Lipids in Health and Disease 03/2010; 9:35. · 2.31 Impact Factor
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    ABSTRACT: Acetylcholine is a neurotransmitter released by the vagus nerve that binds to the muscarinic M2 receptor of heart pacemaker cells. Ligand-receptor binding releases a beta-gamma dimmer from the G protein. This dimmer remains anchored to the inner surface of the plasma membrane, exerting a fast, direct, membrane delimited action that does not require phosphorylation of K+ channels. These channels, initially called K (Ach), produce a slow depolarization of the pacemaker cell, decreasing the heart rate. In addition, acetylcholine initiates and maintains slow modulation mechanisms that require soluble intracellular messengers, activation of kinases and phosphorylation. We also review the adrenergic action, complementary and antagonistic to cholinergic response.
    Revista de Educación Bioquímica. 01/2010; 29(2):29-38.
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    ABSTRACT: Hatha Yoga (HY) can be an alternative to improve physical activity in middle-aged and older women. However, conventional HY (CHY) exercising may not result in enough training stimulus to improve cardiovascular fitness. The purpose of this study was to evaluate the effect of an intensive HY intervention (IHY) on cardiovascular risk factors in middle-aged and older women from Northern Mexico. In this prospective quasiexperimental design, four middle-aged and nine older CHY practicing females (yoginis) were enrolled into an 11-week IHY program consisting of 5 sessions/week for 90 min (55 sessions). The program adherence, asana performance, and work intensity were assessed along the intervention. Anthropometric [body mass index (BMI), % body fat and Σ skin folds], cardiovascular fitness [maximal expired air volume (VE(max)), maximal O(2) consumption (VO(2max)), maximal heart rate (HR(max)), systolic (BPs) and diastolic blood pressure (BPd)], biochemical [glucose, triacylglycerols (TAG), total cholesterol (TC), high-density lipoprotein cholesterol (HDL-C), and low-density lipoprotein cholesterol (LDL-C)], and dietary parameters were evaluated before and after IHY. Daily caloric intake (~1,916 kcal/day), program adherence (~85%), and exercising skills (asana performance) were similar in both middle-aged and older women. The IHY program did not modify any anthropometric measurements. However, it increased VO(2max) and VE(max) and HDL-C while TAG and LDL-C remained stable in both middle-aged and older groups (P < 0.01). The proposed IHY program improves different cardiovascular risk factors (namely VO(2max) and HDL-C) in middle-aged and older women.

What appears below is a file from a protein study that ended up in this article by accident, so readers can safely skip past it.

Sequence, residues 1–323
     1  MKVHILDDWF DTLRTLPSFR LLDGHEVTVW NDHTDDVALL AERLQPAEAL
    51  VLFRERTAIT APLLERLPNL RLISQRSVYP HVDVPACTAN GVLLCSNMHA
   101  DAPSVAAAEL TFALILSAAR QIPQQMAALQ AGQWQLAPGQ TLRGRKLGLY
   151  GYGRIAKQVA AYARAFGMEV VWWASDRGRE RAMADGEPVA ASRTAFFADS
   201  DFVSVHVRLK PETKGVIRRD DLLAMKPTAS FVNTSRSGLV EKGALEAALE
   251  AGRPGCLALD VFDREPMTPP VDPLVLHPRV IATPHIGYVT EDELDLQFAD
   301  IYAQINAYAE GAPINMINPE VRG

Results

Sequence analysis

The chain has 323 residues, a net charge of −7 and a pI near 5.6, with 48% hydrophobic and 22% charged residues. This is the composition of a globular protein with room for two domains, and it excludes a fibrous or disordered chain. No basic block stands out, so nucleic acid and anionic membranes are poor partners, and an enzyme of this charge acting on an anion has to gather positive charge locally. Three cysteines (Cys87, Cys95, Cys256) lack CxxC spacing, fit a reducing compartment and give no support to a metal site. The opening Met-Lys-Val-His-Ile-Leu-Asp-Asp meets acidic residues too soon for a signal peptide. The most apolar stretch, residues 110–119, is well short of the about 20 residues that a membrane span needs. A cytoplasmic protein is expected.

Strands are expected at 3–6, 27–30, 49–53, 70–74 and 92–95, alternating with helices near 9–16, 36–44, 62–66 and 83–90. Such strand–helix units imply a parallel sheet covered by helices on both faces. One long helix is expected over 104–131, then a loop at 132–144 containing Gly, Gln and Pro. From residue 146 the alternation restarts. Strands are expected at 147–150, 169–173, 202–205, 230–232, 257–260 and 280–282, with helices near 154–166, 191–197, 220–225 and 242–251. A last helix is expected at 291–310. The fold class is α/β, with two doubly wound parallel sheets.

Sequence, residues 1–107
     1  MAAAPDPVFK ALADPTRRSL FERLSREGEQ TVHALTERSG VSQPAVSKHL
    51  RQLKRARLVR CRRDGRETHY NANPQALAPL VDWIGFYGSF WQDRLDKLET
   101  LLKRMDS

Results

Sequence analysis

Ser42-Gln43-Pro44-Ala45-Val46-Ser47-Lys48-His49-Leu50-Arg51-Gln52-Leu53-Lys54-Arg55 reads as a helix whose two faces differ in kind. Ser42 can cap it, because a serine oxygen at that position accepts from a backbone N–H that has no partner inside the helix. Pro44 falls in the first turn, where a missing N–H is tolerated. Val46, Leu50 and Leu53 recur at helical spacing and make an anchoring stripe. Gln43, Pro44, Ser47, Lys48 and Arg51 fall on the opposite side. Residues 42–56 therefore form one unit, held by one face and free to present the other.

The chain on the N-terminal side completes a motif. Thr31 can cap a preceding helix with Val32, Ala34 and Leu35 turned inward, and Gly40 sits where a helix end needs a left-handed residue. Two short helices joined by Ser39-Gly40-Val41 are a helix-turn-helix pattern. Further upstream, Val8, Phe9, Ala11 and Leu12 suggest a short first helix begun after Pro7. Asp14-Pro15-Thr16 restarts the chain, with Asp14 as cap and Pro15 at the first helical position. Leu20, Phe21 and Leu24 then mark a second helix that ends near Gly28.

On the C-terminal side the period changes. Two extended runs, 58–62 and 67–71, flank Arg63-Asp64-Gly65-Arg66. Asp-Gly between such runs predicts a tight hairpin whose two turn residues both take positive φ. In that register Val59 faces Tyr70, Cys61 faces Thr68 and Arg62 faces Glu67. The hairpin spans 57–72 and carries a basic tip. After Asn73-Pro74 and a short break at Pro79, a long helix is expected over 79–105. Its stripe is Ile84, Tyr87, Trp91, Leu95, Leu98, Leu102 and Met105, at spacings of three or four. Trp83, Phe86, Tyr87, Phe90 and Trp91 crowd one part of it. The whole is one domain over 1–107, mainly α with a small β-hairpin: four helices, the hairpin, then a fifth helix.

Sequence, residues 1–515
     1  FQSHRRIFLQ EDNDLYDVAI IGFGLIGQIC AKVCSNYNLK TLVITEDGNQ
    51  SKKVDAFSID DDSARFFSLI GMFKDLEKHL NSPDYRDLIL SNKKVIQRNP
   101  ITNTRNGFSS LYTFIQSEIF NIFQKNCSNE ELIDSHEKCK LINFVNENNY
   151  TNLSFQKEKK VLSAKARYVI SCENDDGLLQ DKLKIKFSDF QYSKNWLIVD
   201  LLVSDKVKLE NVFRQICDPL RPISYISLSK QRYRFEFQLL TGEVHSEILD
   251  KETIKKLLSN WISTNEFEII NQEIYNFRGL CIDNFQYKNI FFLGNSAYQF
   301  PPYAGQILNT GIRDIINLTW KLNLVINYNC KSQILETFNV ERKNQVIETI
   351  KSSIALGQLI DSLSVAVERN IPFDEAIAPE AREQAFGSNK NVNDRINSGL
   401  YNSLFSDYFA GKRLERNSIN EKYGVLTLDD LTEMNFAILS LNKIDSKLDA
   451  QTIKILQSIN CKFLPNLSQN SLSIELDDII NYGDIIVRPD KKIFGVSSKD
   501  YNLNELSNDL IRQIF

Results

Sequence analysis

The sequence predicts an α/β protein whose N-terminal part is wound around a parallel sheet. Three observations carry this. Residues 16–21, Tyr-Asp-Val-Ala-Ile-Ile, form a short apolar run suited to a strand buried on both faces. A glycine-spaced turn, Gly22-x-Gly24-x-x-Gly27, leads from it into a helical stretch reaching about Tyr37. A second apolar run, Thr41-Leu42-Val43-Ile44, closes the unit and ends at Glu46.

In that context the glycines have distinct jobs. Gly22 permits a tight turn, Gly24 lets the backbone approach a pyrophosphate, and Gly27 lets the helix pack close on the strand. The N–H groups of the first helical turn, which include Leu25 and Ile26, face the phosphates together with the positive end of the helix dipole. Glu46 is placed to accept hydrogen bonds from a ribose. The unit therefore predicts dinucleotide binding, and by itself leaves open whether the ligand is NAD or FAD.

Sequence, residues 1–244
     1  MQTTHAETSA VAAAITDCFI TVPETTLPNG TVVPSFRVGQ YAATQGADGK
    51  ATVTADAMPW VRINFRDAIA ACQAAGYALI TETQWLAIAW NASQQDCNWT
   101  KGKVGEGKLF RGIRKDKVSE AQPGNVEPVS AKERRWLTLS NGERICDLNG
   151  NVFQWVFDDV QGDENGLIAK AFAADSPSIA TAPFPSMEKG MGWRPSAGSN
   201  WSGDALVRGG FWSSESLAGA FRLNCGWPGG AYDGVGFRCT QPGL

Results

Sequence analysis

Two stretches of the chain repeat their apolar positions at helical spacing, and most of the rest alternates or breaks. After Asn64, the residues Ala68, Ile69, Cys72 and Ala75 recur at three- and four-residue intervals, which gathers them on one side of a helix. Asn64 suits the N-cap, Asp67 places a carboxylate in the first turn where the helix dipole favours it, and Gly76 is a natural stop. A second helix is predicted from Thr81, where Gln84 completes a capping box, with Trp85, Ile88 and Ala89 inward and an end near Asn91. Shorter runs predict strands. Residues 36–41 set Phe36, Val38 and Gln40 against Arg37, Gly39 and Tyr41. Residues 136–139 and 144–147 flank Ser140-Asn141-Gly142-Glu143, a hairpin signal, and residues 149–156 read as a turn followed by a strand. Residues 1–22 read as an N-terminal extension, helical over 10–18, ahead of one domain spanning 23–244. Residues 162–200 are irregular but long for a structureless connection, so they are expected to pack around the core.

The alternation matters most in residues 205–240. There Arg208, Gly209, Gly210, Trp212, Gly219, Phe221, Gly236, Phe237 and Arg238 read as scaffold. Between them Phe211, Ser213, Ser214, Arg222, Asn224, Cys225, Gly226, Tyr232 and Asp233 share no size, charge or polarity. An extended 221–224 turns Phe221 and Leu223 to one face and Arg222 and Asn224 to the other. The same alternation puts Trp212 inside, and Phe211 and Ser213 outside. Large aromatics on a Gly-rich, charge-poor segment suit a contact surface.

International Journal of Yoga 07/2009; 2(2):49-54.
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    ABSTRACT: There are several reports suggesting that Spirulina (Arthrospira) may have a beneficial effect in the prevention of cardiovascular diseases. Here we review the results of studies on the effects of dietary Spirulina on the vasomotor reactivity of aortic rings excised from either lean or obese Wistar rats. We also review preliminary results on the effects of Spirulina intake on plasma lipids and blood pressure in humans. The results of the former studies strongly suggest that Spirulina induces a tone-related increase in the synthesis/release of nitric oxide by the endothelium as well as an increase in the synthesis/release of a vasodilating cyclooxygenase-dependent metabolite of arachidonic acid and/or a decrease in the synthesis/release of a vasoconstricting eicosanoid by the endothelium. In humans, Spirulina maxima intake decreases blood pressure and plasma lipid concentrations, especially triacylglycerols and low-density lipoprotein-cholesterol, and indirectly modifies the total cholesterol and high-density lipoprotein-cholesterol values.
    Journal of medicinal food 03/2009; 12(1):15-20. · 1.39 Impact Factor